FRANCO'S LEGACY

Spanish judge tells Franco’s heirs to return summer residence

Ruling finds that Pazo de Meirás is the property of the state and that the dictator’s descendants are not entitled to compensation

Visitors at the Pazo de Meirás, which a court has ruled is the property of the Spanish state, not Franco's family.
Visitors at the Pazo de Meirás, which a court has ruled is the property of the Spanish state, not Franco's family.

A judge in Spain’s Galicia region has ruled that the Spanish state is the rightful owner of a rural property held for over 80 years by the family of the late dictator Francisco Franco.

Franco’s descendants must now relinquish the Pazo de Meirás without any compensation for the maintenance costs that they claim to have had over the course of eight decades. The family is expected to appeal.

The litigation pitted local, provincial, regional and national authorities against six of Franco’s grandchildren and their company Prístina, SL.

In her decision, A Coruña judge Marta Canales invalidated a 1938 transaction by which a group of Franco supporters donated the Pazo de Meirás to him in the middle of the Spanish Civil War (1936-1939) after purchasing it by public subscription.

On May 24, 1941 the ’pazo’ was not handed to Franco and nothing was paid by Franco
Judge Marta Canales

The judge argued that “it was not gifted to him specifically, but to the head of state.” The donation document – which went missing in 2006 from the archives of the A Coruña provincial authority – said that the property was being handed to “the Founder of the New Empire, Head of State, Generalísimo of the Armies and Caudillo of Spain, Francisco Franco Bahamonde”. But Judge Canales said in her decision that it was a generic gift to the “caudillo” of Spain, not specifically to Franco.

The property was paid for through a public subscription that the locals were forced to contribute to. At the donation ceremony, Franco said that “I gladly accept, exclusively because it is a gift from my fellow Galicians.” Franco then went on to promise public works projects for the four provinces that make up the northwestern region.

Judge Canales also ruled that Franco “simulated” purchasing the estate on May 24, 1941 in order to get the property registered in his name at the local registrar’s office in Betanzos. This document was held up as evidence of ownership by Franco’s descendants, and until recently it had been the only known property deed.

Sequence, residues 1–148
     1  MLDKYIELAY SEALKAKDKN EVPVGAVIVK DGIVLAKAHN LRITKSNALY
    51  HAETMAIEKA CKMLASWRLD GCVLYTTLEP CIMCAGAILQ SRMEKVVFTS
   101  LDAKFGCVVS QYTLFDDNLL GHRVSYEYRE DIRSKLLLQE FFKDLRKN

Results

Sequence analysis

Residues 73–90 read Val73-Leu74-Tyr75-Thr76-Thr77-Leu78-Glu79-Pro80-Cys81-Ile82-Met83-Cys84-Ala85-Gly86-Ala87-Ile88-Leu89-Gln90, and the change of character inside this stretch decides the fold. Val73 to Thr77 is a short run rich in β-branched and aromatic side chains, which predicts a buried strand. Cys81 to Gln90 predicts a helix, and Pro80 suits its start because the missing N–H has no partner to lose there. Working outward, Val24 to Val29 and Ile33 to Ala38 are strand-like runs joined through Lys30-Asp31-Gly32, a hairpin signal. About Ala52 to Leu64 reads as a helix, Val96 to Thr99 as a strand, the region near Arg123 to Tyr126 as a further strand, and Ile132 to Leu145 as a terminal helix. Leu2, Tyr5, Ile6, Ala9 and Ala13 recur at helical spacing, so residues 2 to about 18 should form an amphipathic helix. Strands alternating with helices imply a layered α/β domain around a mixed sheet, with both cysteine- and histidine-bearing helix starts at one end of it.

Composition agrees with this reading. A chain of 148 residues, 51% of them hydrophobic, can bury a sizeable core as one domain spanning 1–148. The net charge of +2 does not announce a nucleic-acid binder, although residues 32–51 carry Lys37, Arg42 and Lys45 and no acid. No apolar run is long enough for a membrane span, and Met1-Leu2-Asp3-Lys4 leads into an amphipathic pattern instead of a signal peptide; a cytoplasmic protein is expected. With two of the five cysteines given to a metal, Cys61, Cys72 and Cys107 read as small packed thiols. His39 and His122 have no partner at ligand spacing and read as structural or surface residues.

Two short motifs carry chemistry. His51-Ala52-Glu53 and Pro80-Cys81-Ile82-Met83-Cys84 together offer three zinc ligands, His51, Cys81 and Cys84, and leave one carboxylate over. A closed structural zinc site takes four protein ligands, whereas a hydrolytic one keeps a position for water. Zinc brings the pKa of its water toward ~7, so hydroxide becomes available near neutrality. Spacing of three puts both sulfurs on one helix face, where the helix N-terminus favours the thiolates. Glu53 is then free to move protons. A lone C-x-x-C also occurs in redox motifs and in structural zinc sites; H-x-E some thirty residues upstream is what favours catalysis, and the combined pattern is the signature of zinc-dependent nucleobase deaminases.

But a little over a year ago, lawyers working on behalf of the Spanish state found another deed dating back to 1938 that reflected the original purchase by the group of Franco supporters, who created an association named Junta Pro Pazo del Caudillo to carry out the operation.

Armed with this new piece of evidence, the Spanish government brought a lawsuit in July 2019, arguing that a property cannot be sold twice by the same owner, in this case the heirs of the writer Emilia Pardo Bazán.

Two months after holding the trial, Judge Canales finds in a 390-page decision that the 1941 operation was a “fictional” one aimed solely at putting the property officially under Franco’s name.

The Spanish state, which has described this second deed as a case of “fraud,” also noted in its lawsuit that the price that Franco allegedly paid for the Pazo de Meirás in 1941 was “laughable.” While the 1938 deed valued the property at 406,346 pesetas (€2,442), three years later the official sale price was a fifth of that, 85,000 pesetas (€510).

But the judge says that nothing was bought and nothing was paid in 1941. “The Pazo de Meirás had been handed over to the Junta Pro Pazo del Caudillo in the spring of 1938, bought through public deed by the Junta on August 5, 1938 and formally given by the Junta Pro Pazo to the ‘caudillo’ on December 5, 1938. On May 24, 1941 the ’pazo’ was not handed to Franco and nothing was paid by Franco,” concludes the judge.

Maintenance costs

Regarding compensation for any expenses derived from eight decades of ownership, Judge Canales ruled that the Franco family is not entitled to any because the asset was acquired “in bad faith” in light of the phony 1941 transaction.

The ruling also notes that it was the Spanish state that put up with all the costs of Franco’s summer home, which was maintained as an official residence for the Spanish head of state. “The Pazo de Meirás was managed just like El Pardo Palace,” reads the ruling, alluding to Franco’s one-time residence, now used as a state guest house.

Franco’s grandchildren had claimed expenses derived from damages caused by a fire that ravaged the property in 1978. But no specific figures were offered at the trial.

The lawsuit was brought in July 2019, just as the government of Pedro Sánchez, of the Socialist Party (PSOE), was locked in a legal battle with Franco’s descendants over a bid to move the dictator’s remains from the Valley of the Fallen, a controversial civil war memorial located north of Madrid. Franco’s remains were finally transferred to a local cemetery on October 24, 2019.

English version by Susana Urra.

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